Lastly, this Court considered the good of the individual student as opposed to the good of the public school system. Even in this regard, it does not sway the Court’s determination. The public elementary and secondary school systems were established for the education of all school age students in Louisiana for the good and betterment of each and every child. Nowhere was it mandated that funds from the MFP, meant for public elementary and secondary school systems, be provided for an alternative education beyond what the Louisiana education system was set up for. Defendants would put forth the argument that the diversion of MFP funds into private education providers are for the good of the student since it gives them the opportunity to leave schools deemed to be underperforming; however, their argument ignores the good of the individual students who are left behind in those schools deemed underperforming. The MFP was set up to equitably allocate funds to public elementary and secondary schools. This gives public school systems in poorer districts the ability to receive funds they would not otherwise have. This Court can find no argument that can be put forth that would show that diverting funds away from such a school would be for the good of the hundreds, and sometimes thousands, of students who are left behind in those underperforming school systems. The MFP was set up for students attending public elementary and secondary schools and was never meant to be diverted to private educational providers. Thus, this Court believes that the MFP is directly for the betterment of each individual student in the state, and as such, should not be diverted away from what it was meant, that being the public elementary and secondary school system of Louisiana.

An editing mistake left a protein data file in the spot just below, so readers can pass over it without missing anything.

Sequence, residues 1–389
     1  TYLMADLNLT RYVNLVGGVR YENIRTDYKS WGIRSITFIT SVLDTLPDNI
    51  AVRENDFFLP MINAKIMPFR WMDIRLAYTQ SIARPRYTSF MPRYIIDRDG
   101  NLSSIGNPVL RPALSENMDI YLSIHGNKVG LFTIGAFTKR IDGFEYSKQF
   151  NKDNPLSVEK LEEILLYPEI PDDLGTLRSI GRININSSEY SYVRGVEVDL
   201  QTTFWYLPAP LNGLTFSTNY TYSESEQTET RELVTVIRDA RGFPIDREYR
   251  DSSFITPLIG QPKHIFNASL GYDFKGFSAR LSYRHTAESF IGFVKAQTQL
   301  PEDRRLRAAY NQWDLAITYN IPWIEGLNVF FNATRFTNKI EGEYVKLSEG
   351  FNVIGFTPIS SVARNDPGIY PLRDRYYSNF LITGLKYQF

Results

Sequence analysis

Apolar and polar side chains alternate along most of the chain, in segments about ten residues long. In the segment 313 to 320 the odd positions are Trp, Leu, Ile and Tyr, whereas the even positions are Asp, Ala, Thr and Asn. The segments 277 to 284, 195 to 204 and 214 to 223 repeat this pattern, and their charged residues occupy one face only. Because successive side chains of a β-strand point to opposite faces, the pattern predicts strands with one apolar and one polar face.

Skip over his “betterment of each individual student” language lifted from the state’s constitutional education provision preamble—his ruling and this passage in particular demonstrate clearly he’s not really interested in that idea at all. To many in the school choice movement, in fact, his is a “let them all drown” argument. In other words, since the ship is sinking (failing public schools) and not everyone can be saved, no one should be saved.